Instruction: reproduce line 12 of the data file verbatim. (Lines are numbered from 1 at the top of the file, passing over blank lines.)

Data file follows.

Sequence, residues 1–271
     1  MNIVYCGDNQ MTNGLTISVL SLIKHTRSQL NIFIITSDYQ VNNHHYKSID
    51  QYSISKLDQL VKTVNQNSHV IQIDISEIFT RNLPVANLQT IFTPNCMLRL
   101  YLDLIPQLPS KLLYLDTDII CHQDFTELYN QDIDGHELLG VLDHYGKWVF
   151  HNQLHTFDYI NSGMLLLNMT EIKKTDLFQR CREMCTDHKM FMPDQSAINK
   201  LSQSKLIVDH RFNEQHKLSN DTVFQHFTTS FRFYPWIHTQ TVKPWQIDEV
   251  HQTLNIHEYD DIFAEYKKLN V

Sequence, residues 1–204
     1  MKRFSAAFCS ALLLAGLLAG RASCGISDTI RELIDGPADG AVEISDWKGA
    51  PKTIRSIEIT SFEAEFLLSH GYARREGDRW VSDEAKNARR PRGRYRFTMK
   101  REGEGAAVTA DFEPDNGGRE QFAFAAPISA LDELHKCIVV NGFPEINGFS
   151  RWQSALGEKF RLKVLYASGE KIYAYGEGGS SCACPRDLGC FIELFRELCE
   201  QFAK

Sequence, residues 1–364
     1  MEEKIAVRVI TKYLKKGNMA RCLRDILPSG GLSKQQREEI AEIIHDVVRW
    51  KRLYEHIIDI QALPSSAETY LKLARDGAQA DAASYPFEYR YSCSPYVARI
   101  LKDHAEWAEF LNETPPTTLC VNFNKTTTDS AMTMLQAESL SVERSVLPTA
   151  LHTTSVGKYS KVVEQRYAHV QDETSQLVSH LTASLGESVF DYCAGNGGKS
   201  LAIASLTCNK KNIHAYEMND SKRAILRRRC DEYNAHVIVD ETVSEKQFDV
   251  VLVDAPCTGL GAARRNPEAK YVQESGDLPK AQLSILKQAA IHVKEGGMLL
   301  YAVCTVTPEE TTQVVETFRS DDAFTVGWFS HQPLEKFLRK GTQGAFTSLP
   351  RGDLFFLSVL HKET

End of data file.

   151  RWQSALGEKF RLKVLYASGE KIYAYGEGGS SCACPRDLGC FIELFRELCE